Form and Philosophy in the Fiction of Joseph Conrad

Tennant, Roger (1975). Form and Philosophy in the Fiction of Joseph Conrad. PhD thesis The Open University.



It is generally accepted that Conrad's fiction is something quite unique in English literature. An attempt is made to analyse the elements that give it this distinctive flavour. Emphasis is laid on a "confessional" aspect that is always disguised, but never absent from his major works, and this is shown to be related not only to his experience at sea, where his temperament made him unsuited to the life of action, but also to his experience as an expatriate from the "barbarism" of the East who could never feel at home in the bourgeois West.

In this way he came both to question all social values, and to develop an intense self-awareness. Avoiding any kind of explicit "self-revelation", he engaged in a continual vivisection of his own soul, and expressed it in his fiction by taking a character quite unlike himself in outward attributes, investing him with his own b sensibility, and then analysing him through a narrator who represented his own critical intellect. This virtually creates the "form" of his major works, from "Youth" onwards, until in the last of them, Victory, the critical intellect becomes itself the object of interrogation.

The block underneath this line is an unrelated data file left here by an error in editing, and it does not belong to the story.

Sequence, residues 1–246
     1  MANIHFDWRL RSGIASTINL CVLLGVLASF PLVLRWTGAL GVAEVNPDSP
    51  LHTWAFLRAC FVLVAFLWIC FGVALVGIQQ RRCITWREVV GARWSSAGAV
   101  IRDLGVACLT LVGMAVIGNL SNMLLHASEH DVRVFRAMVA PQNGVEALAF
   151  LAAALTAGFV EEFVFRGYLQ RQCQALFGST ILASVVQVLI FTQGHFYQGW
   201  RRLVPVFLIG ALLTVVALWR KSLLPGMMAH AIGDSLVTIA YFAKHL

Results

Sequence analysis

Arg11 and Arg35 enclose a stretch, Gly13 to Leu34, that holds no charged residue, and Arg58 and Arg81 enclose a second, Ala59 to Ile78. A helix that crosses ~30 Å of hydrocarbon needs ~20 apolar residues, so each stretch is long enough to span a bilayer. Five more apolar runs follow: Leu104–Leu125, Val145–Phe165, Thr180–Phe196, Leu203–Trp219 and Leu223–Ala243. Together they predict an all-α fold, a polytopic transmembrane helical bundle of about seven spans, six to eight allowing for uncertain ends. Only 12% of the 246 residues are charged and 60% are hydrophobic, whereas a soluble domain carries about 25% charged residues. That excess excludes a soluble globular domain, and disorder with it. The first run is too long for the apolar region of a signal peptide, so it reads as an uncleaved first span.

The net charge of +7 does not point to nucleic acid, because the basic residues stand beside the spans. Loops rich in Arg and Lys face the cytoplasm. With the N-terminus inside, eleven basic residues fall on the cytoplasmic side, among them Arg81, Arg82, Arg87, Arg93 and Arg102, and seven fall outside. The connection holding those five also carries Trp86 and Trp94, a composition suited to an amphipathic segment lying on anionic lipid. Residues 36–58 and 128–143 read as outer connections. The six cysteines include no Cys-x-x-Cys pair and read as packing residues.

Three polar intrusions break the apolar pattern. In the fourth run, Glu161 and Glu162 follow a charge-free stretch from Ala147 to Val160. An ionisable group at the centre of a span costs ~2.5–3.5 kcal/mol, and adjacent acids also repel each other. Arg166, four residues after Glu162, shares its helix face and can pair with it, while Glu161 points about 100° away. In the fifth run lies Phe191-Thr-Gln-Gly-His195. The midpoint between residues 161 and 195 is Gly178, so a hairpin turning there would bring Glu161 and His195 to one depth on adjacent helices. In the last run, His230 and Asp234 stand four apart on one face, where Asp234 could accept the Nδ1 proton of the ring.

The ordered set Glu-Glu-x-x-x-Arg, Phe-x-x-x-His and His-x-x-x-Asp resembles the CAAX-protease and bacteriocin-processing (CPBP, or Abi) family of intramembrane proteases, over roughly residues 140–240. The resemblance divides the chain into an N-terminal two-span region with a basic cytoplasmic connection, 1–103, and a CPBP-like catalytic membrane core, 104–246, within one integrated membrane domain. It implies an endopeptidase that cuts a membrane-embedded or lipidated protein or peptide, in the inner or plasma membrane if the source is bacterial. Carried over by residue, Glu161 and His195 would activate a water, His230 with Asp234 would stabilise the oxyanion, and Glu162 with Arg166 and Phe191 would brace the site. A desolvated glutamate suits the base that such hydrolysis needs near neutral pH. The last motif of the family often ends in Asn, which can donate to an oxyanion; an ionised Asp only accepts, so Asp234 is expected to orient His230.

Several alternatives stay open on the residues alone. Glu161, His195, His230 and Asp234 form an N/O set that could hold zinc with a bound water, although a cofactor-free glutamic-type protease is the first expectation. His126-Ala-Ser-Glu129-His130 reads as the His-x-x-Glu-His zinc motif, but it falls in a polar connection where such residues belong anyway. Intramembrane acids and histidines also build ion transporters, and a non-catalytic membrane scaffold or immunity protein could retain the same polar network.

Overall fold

Even in less complex works, where the "confessional" aspect is lacking, similar problems--problems of the conflict between social ideals and the irrational forces of nature, both within the psyche, and. in the external world, are his governing interest.

Another distinctive element is an attitude of pessimism very close to that of Schopenhauer, whose works he admired, while his lonely life of "self-vivisection" has also parallels with that of Nietzsche, so that mar of his themes and attitudes can be illuminated by reference to these philosophers. His childhood, French influence, and other lesser elements of the "Conredian flavour" are also discussed.

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